Cheryl Sigler took this photo in Bear Valley Springs of a California Mule Deer fawn.
California Mule Deer (Odocoileus hemionus californicus) fawns are typically born in June or July in the Tehachapi Mountains, and retain their white spots for most of the summer and fall, until these markings fade and the growing young deer become the grayish tan color of their parents.
Fawns weigh from 5 to 10 pounds at birth, with singletons (only one baby born) generally weighing more than twins. Mature does often produce twins during good conditions when there is ample feed available, and in those years, the percentage of twins may be slightly higher than the number of single births.
Under adverse conditions, when the does are malnourished, as much as 75 percent of the births will be singletons instead of twins. Triplets are always rare, and even under the best conditions represent only about three percent of births. Triplets are mainly born to does that are four years or older.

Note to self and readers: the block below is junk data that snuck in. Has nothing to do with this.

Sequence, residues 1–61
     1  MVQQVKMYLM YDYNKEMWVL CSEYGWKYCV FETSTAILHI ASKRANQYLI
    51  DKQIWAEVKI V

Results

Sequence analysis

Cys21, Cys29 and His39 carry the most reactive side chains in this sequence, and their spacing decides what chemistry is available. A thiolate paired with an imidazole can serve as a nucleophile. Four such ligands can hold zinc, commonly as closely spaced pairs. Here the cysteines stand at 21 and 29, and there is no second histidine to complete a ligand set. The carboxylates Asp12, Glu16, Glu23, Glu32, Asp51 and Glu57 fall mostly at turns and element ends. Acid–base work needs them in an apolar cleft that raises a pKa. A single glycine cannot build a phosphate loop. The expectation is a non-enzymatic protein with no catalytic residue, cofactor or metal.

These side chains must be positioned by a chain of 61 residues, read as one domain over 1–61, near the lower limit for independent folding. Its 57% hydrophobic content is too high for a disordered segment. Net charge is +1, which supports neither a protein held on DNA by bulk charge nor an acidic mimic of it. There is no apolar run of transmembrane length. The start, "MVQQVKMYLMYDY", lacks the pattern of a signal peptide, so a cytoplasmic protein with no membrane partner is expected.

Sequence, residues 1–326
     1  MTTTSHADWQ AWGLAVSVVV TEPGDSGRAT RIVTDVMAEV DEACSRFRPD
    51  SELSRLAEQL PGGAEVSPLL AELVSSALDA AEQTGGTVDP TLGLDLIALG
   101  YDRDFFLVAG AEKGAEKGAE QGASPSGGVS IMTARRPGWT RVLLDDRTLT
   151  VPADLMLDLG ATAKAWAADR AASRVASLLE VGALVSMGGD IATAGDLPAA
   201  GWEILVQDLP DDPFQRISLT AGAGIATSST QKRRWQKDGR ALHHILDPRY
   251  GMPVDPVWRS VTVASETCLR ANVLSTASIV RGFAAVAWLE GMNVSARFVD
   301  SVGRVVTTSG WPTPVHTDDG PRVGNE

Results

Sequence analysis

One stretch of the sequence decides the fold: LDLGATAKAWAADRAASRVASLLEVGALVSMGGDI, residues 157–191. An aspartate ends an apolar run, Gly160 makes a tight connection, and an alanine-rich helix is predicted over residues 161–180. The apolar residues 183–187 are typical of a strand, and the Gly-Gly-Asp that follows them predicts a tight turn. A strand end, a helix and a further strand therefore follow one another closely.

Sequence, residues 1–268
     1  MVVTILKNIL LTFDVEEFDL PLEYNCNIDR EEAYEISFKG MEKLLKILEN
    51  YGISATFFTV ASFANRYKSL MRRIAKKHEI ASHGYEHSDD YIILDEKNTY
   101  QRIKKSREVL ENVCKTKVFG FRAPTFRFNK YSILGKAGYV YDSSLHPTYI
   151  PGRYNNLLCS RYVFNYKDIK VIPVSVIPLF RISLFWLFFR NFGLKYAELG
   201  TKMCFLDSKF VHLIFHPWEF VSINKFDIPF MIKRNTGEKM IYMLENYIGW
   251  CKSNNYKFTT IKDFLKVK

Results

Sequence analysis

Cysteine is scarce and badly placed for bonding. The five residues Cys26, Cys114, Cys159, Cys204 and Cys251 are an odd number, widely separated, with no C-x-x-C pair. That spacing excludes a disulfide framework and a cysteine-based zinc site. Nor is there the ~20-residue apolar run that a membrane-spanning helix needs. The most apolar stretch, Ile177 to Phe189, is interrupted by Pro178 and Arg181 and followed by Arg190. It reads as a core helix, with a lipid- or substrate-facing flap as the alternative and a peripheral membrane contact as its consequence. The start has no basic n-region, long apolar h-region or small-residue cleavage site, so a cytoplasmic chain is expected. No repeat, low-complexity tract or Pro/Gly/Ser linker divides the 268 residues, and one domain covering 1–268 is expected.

Despite the drought, California Mule Deer in the Tehachapi area seem to have produced a fair number of twins this year. The abundance of irrigated lawns, yards and gardens throughout the area do help insulate our local deer populations from drought to some extent, and various sources like bird baths, ponds and water tubs also reduce water insecurity for does and their fawns.
The Nuwä (Kawaiisu or Southern Paiute) word for deer is tühui, pronounced tuh-HOO-ee, and the word for fawn is maahuuzi, pronounced mah-HOO-zee.
NATURAL SIGHTINGS is a regular feature of the Tehachapi News edited by Jon Hammond which showcases photos of the natural beauty that enhances the quality of life in Tehachapi. If you have a good quality image of plants, animals, insects, trees, birds, weather phenomena, etc., taken in the Tehachapi area, you may submit it to the Tehachapi News for possible publication. Submissions can be dropped by the News office in the form of a print or CD, or sent by email to: email@example.com.